Using imaging effectively requires an indexing system that makes it easy to search digital files. McGriff Industries, a 200-truck carrier based in Cullman, Ala., uses an imaging system offered by McLeod Software. Using a digital scanner and desktop computer, a McGriff clerk batches, scans and indexes bills of lading and other shipping receipts by manually typing in a reference number, which is the trip number at McGriff.

Some fleets use an automated indexing process to save more time and money. Many companies have drivers place barcode stickers on paperwork or pre-print barcodes on proof of delivery documents. Scanners read the barcodes and automatically index the documents. Companies can also buy advanced scanners and software with optical character recognition and form recognition technology for automatic indexing.

In addition to offering faster indexing, suppliers of imaging systems have created ways to speed entry of key data – such as weight and other accessorial charges – from shipping documents into the billing system. Microdea Inc.’s Synergize Imaging product uses a dual monitor card, which enables a single PC to run two applications at once on two separate monitors. On the left screen, billing clerks see the scanned documents. On the right screen is their accounting software. Clerks read and input information from the shipping documents, such as the bill of lading, directly into the invoice.

“Any time anybody has extra time, we have them jump into the queue and type some bills,” says Rav Lal, director of finance and IT systems at Hi-Way 9 Express Ltd, a 120-truck LTL carrier in Drumheller, Alberta, Canada. “We reduced our staff by two people and even when we had two people off sick we were able to click along without missing a beat.” Hi-Way 9 Express uses the Microdea product together with Maddocks Software’s TruckMate enterprise suite.

The power of integration
After using document imaging for more than a year, American Trans-Freight moved to phase two -adding workflow software to fully integrate imaging with the company’s dispatch and management software. In American Trans-Freight’s case, McLeod Software is the provider for both the document imaging system and the dispatch and management software.

“We added workflow to improve productivity, provide cross training and utilize the imaging system the way it was supposed to be,” Weilheimer says.

Workflow is a software engine that automatically routes documents to the next stage of the business process based on the company’s rules. Once images are scanned and indexed, workflow speeds business processes by managing document flow to appropriate office personnel: vehicle inspection reports to the safety director; driver cash receipts to accounts payable, etc.

Workflow systems are also customizable to match the document printing requirements for each customer. One customer may only want a bill of lading with the invoice, while others may want a bill of lading and certificate of analysis.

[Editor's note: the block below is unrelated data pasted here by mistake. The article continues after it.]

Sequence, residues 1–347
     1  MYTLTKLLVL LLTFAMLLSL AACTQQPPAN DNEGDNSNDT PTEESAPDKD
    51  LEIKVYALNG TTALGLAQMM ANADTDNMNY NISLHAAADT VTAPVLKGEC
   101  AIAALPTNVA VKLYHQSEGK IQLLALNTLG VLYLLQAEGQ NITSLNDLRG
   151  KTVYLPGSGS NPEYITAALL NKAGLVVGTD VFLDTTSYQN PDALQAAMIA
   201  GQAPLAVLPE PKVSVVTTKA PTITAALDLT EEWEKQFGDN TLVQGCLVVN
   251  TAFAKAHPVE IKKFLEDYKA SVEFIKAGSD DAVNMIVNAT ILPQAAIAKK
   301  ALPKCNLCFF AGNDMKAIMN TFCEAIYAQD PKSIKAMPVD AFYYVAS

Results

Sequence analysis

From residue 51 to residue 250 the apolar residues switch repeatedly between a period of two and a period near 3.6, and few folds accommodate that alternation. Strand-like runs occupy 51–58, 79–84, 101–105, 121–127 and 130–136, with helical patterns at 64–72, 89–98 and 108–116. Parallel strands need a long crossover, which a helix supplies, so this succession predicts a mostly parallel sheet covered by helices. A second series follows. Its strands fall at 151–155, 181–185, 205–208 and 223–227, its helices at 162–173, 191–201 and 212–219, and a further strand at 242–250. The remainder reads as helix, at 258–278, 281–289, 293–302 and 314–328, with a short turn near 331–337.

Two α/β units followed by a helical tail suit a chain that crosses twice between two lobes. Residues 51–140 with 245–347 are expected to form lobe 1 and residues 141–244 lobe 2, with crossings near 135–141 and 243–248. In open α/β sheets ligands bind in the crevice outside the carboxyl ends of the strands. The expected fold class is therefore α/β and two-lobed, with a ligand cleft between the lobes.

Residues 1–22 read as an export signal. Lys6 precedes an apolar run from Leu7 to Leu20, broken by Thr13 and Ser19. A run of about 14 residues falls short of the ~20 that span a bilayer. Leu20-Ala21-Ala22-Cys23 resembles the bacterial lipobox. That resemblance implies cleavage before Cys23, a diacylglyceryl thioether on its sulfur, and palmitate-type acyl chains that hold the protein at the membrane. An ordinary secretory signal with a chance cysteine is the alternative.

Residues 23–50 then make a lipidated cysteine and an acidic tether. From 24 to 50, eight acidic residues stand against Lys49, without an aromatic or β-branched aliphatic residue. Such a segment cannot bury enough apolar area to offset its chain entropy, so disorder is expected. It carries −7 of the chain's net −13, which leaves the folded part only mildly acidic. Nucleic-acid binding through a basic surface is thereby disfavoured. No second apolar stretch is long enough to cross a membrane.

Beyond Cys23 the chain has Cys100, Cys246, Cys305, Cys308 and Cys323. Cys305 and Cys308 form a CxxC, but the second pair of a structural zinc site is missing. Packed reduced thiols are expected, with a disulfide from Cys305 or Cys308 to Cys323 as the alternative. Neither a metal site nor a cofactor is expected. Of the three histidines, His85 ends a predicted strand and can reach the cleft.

“For customers that don’t need [paperwork], they don’t get it. Some customers do EDI billing,” says Steve McCormick, director of information services at Cornhusker Motor Freight Lines, a 350-truck carrier in Omaha, Neb. Cornhusker uses the Transflo imaging and workflow system from Pegasus TransTech together with TMW Systems’ TL 2000 enterprise software.

Other uses of workflow software include management tools to measure employee productivity and to track billing statistics, such as cost per billing. Managers can truly measure the amount of work that needs to be done each day and not just gaze at the height of the paperwork on someone’s office desk. The greatest benefit of workflow software lies in integrating data with your management and dispatch software.

“The true benefits of imaging are the integration opportunities,” says Florida Express Carriers’ Connard. Dispatchers, for example, can have instant access to archived shipping documents through their dispatch module and can answer shippers’ billing questions with the customer on the phone. Florida Express also uses TMW’s TL 2000 enterprise software suite together with TMI’s TripPak Online.

Some managers may view imaging and workflow systems as a means to reduce the number of office personnel. Another benefit is the ability to grow your operation without expanding overhead.
“We’ve added 80 trucks without adding office personnel,” says Cornhusker’s McCormick. American Trans-Freight noticed the same benefit. The imaging and workflow system enabled the carrier to “layer more business without adding administrative staff,” Weilheimer says. “We did it for growth. That’s our difference with other carriers. We’re not looking to reduce overhead but to get more contribution from overhead.”

Virtual benefits
Once imaging and workflow systems are up and running, the next step for many carriers is to bring imaging to the Internet. American Trans-Freight is nearing the completion of this “phase three” process, Weilheimer says. Giving customers instant access to shipping documents on the company’s website, he says, will speed up the collections process. Instead of calling and asking American Trans-Freight to send another copy of the bill of lading or POD, customers can download the documents directly from the website.